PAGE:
Story and photos by Manos Angelakis
Jioufen Tea House
I walked into Jioufen Tea House and, all of a sudden, centuries seemed to peel back — I had entered China of the Sung (Song) Dynasty.
Perhaps I have been watching too many kung fu films, but that was my reaction when we had tea at this atmospheric emporium in the rural village of Jioufen.
No trip to Taiwan is complete without a visit to one of the old streets in historic towns and villages to shop for handicrafts and to sample local foods. The discovery of gold deposits in the late 1880s in the Jioufen area transformed an impoverished village into a booming gold-rush mining town.
Today, quaint, covered Jishan Street, the main street of the tourist part of town, is lined with stalls selling souvenirs, antiques, modern copies of ancient artifacts, and local delicacies.
The teahouse, near the end of the street, is definitely a site not to be missed.
The building is multistoried, with traditional, cubicled cypress wood cabinets at the first, street entrance level, containing exquisite tea cups, both traditional and modern looking teapots, tea storage jars, tea packages of assorted — both common and very rare — tea leaves. On a counter a black cast iron teapot and white porcelain teacups were to be used for a quick tea tasting if you are just purchasing tea leaves and not staying to drink tea on site.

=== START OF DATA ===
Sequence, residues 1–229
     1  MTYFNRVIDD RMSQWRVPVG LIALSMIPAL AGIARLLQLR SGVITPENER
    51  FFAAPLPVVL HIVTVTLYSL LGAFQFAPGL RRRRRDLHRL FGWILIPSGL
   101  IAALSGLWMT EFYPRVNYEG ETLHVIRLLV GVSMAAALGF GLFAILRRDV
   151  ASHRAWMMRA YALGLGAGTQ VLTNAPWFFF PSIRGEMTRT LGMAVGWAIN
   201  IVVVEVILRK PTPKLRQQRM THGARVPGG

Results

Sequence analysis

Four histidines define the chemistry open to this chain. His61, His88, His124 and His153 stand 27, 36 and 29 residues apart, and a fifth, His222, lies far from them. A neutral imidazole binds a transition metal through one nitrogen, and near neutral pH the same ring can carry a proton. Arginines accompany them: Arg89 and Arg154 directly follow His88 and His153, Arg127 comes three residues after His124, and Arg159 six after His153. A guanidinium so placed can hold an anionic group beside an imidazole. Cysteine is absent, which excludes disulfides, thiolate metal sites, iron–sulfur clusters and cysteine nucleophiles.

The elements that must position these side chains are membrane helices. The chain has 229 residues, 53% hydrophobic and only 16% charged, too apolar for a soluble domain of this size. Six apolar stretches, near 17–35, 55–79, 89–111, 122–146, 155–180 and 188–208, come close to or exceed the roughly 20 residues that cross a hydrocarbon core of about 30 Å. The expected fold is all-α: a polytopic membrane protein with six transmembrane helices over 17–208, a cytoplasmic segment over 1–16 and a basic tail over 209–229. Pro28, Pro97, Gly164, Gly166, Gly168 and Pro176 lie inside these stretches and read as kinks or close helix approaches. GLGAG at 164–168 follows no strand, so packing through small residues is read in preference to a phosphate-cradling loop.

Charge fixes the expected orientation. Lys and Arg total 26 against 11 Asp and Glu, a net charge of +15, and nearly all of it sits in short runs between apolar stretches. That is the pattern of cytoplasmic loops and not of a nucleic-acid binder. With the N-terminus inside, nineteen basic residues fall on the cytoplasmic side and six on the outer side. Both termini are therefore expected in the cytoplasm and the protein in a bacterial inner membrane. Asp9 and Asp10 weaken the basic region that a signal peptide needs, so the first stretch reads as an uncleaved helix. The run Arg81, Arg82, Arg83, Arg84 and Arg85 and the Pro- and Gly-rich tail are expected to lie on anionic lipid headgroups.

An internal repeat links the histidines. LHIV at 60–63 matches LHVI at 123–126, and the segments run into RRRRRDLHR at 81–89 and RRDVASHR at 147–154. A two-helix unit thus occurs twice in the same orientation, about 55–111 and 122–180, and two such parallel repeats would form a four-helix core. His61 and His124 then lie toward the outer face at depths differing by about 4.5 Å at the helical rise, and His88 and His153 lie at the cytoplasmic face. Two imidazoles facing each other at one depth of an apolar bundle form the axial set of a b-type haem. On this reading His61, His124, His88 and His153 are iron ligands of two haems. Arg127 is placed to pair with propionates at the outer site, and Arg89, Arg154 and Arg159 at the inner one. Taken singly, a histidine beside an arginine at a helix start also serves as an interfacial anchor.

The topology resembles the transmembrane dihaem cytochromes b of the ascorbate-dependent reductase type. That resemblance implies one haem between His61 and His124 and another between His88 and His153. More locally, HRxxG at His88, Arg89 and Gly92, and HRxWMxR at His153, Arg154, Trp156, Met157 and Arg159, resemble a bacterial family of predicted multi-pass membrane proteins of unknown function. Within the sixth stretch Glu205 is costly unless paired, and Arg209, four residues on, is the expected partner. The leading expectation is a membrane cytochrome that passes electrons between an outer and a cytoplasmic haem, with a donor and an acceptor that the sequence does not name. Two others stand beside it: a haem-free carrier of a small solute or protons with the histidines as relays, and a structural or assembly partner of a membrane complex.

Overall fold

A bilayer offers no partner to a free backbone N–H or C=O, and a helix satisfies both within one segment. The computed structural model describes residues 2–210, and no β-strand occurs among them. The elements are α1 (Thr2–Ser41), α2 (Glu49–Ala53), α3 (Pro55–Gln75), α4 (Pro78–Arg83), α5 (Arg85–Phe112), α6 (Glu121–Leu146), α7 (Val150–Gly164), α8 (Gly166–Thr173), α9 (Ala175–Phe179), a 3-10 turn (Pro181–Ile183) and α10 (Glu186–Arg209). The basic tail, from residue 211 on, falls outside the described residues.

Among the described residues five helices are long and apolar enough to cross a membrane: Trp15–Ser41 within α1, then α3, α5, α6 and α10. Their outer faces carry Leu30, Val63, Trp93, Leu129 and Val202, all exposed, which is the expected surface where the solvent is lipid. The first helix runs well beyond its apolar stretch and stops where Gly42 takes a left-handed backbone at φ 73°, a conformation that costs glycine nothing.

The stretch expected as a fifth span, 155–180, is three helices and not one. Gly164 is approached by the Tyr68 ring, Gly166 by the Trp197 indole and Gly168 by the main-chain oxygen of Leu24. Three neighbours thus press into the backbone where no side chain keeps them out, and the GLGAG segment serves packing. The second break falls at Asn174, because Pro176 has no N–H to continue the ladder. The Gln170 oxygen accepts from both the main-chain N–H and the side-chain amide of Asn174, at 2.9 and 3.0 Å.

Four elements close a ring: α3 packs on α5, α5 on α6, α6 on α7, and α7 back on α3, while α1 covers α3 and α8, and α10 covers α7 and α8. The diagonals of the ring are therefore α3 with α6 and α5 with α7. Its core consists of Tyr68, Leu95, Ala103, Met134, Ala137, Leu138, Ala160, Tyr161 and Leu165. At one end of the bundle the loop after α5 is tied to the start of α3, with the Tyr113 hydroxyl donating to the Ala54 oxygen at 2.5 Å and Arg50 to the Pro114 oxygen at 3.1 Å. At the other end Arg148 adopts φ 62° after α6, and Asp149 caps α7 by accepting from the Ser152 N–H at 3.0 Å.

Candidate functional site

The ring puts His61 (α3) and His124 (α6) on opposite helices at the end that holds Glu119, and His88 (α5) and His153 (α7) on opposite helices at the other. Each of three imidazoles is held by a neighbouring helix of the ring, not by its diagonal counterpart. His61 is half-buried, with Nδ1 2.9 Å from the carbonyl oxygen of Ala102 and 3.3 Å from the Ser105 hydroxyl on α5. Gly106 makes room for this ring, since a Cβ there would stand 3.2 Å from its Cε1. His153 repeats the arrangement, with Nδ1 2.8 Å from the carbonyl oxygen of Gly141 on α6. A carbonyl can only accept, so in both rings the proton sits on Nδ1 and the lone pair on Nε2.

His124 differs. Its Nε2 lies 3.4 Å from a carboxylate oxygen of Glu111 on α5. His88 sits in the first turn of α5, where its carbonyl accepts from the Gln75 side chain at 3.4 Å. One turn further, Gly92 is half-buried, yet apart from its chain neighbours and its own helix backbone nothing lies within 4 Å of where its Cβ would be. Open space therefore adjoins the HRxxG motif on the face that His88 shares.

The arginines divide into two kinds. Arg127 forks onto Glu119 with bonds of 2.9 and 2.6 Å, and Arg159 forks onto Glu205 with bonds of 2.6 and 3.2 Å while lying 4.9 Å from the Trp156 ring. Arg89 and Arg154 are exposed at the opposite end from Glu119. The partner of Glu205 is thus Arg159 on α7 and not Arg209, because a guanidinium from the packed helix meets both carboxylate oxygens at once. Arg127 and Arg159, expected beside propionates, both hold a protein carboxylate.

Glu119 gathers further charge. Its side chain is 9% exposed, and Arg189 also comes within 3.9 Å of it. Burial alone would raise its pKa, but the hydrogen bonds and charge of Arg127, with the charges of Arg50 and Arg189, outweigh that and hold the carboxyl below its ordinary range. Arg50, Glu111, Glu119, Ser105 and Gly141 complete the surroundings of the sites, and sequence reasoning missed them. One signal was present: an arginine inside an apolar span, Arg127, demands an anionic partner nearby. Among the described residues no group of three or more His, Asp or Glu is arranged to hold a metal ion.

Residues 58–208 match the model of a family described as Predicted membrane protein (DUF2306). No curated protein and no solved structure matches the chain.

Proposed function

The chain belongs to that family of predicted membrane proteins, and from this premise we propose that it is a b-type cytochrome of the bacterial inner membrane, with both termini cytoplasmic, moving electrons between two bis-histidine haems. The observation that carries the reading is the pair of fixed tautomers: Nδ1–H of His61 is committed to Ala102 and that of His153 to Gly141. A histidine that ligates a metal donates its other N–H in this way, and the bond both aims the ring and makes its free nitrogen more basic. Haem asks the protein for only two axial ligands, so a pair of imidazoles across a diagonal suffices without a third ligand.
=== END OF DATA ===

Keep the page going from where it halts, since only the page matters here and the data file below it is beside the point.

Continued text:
Brightly colored flower arrangements in bamboo baskets decorate many of the countertops.
Wooden steps take you down through an open-to-the-sky narrow internal courtyard that has a multitiered water fountain and a pond with brocaded koi, to a lower level room with display cabinets enclosing precious antique teacups and teapots.
Another set of steps then leads you to where the tea drinking actually takes place, in an even lower room full of tables, benches, old traditional Chinese beds that are used as banquettes, and a row of six cast iron teapots, bubbling away on burning charcoal.
A U.S. fire department would have a fit with this kind of open charcoal fires, but it doesn’t seem to bother the thousands of visitors of the teahouse or the local women working there. An exterior veranda overlooks a small red-lantern-festooned garden courtyard full of green bushes.
The Taiwanese still consider tea drinking as serious business; fragrant tea — sometimes black, sometimes white, sometimes green — is still poured in a ceremonial manner, and accompanied by small pastries and savory tidbits.
It is indeed a return to an earlier, slower, much more civilized time.
142 Jishan St., Ruifang District,
New Taipei City, Taiwan 224
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